Auto free Buffer objects in C API?

Discussion in 'Python' started by Stuart D. Gathman, Jul 3, 2003.

  1. I have a Python C module (dspam.c - http://bmsi.com/python/milter.html).
    It needs to return some large buffers allocated by the library I am
    wrapping. The buffers must be freed by the caller when finished. At
    present, I do the following to copy, then free the buffer:

    PyObject *
    toBuffer(char *buf;int len) {
    PyObject *sig = PyBuffer_New(len);
    if (sig) {
    void *data;
    int dlen;
    if (!PyObject_AsWriteBuffer(sig,&data,&dlen))
    memcpy(data,buf,dlen);
    else {
    Py_DECREF(sig);
    sig = 0;
    }
    }
    free(buf);
    return sig;
    }

    Now, I would like to use PyBuffer_FromMemory(buf,len), but then I have no
    way of knowing when to free(buf). Or do I? Am I missing something? Is
    there a way for me to know when the Buffer object is being deleted so
    that I can free the underlying C data?
     
    Stuart D. Gathman, Jul 3, 2003
    #1
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  2. At some point, "Stuart D. Gathman" <> wrote:

    > I have a Python C module (dspam.c - http://bmsi.com/python/milter.html).
    > It needs to return some large buffers allocated by the library I am
    > wrapping. The buffers must be freed by the caller when finished. At
    > present, I do the following to copy, then free the buffer:
    >
    > PyObject *
    > toBuffer(char *buf;int len) {
    > PyObject *sig = PyBuffer_New(len);
    > if (sig) {
    > void *data;
    > int dlen;
    > if (!PyObject_AsWriteBuffer(sig,&data,&dlen))
    > memcpy(data,buf,dlen);
    > else {
    > Py_DECREF(sig);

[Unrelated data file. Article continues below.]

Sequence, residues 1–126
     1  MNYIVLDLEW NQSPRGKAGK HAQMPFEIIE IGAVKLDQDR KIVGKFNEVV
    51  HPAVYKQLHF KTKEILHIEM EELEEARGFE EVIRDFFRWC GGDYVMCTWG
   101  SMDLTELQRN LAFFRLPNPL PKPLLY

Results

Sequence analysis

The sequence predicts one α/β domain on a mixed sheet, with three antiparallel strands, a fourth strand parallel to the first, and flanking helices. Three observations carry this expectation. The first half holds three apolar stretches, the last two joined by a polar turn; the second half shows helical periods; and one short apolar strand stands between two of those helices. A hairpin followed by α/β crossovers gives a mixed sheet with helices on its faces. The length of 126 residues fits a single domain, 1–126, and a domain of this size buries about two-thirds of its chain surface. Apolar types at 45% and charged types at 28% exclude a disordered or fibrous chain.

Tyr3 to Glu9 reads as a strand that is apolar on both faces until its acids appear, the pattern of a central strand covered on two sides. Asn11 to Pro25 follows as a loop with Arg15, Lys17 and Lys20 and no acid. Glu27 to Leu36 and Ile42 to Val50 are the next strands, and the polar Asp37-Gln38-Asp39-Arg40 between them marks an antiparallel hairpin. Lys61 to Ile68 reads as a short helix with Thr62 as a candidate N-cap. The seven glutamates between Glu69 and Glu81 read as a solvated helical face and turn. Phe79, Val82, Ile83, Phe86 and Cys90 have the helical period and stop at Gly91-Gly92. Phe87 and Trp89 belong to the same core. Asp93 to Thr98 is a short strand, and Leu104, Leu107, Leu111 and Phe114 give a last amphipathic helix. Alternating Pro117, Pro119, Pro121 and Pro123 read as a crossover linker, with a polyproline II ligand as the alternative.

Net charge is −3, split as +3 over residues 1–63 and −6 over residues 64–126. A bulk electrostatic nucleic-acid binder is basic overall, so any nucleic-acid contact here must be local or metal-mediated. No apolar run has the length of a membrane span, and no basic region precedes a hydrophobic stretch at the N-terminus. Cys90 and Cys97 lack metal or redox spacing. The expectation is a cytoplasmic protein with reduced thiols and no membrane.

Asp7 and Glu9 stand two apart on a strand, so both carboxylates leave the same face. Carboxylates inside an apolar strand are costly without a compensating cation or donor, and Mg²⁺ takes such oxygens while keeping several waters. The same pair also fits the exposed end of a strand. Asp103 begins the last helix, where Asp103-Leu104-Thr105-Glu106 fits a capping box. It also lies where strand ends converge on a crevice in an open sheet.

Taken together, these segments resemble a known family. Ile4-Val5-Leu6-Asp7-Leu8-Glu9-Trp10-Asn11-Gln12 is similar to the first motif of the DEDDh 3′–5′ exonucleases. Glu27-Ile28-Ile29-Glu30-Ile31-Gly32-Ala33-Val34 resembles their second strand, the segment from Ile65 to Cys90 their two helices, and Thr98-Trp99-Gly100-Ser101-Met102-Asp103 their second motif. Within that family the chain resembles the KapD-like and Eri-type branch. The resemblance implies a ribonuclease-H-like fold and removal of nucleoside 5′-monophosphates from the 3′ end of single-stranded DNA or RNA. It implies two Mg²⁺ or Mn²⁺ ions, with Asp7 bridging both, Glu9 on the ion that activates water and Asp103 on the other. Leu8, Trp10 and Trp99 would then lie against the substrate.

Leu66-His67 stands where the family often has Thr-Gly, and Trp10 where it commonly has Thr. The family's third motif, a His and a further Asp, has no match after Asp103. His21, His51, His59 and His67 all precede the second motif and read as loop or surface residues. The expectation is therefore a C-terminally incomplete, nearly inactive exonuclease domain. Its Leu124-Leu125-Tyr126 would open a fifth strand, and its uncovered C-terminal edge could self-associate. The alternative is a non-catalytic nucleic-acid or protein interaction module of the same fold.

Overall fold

> sig = 0;
    > }
    > }
    > free(buf);
    > return sig;
    > }
    >
    > Now, I would like to use PyBuffer_FromMemory(buf,len), but then I have no
    > way of knowing when to free(buf). Or do I? Am I missing something? Is
    > there a way for me to know when the Buffer object is being deleted so
    > that I can free the underlying C data?


    Staring at the definition of PyBufferObject in bufferobject.c, I see
    it has a member 'b_base' of type PyObject *, which is DECREF'd when
    the buffer is destroyed (by the buffer dealloc function). Looks to me
    like you could do something using a CObject with a passed destructor:

    /**********/
    /* WARNING: UNTESTED CODE */

    /* the contents of PyBufferObject are supposed to be private, so you
    need to include this */
    typedef struct {
    PyObject_HEAD
    PyObject *b_base;
    void *b_ptr;
    int b_size;
    int b_readonly;
    long b_hash;
    } PyBufferObject;

    PyObject *
    toBuffer(char *buf, int len) {
    PyObject *sig = PyBuffer_FromMemory(buf, len);
    if (sig) {
    /* pass 'free' as the destructor for the passed memory */
    (PyBufferObject *)sig->b_base = PyCObject_FromVoidPtr(buf, free);
    }
    return sig;
    }
    /**********/

    Now, when the buffer is deallocated, the CObject at b_base will be
    DECREF'd, which will free your memory.

    This is a bit ugly, as it depends on internal details. Another,
    cleaner, method is to define an object which obeys the buffer
    protocol, and handles destruction like you want. (This is annoying, as
    you'll end up copying all the code in bufferobject.c).

    --
    |>|\/|<
    /--------------------------------------------------------------------------\
    |David M. Cooke
    |cookedm(at)physics(dot)mcmaster(dot)ca
     
    David M. Cooke, Jul 4, 2003
    #2
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  3. On Thu, 03 Jul 2003 21:44:27 -0400, David M. Cooke wrote:

    > This is a bit ugly, as it depends on internal details. Another, cleaner,
    > method is to define an object which obeys the buffer protocol, and
    > handles destruction like you want. (This is annoying, as you'll end up
    > copying all the code in bufferobject.c).


    So annoying, in fact, that I will continue to make extra copies of the
    buffer until such time as:

    a) Python gets a PyBuffer_FromCObject(PyObject *,int len) method.

    b) Profiling reveals the extra copies to be a major bottle neck. The
    extra memory allocation is not a problem because the library spends most
    of its time moving the data between two buffers while processing it.

    BTW, the application is wrapping DSpam for Python. You can download the
    dspam module from:

    http://bmsi.com/python/milter.html
     
    Stuart D. Gathman, Jul 7, 2003
    #3
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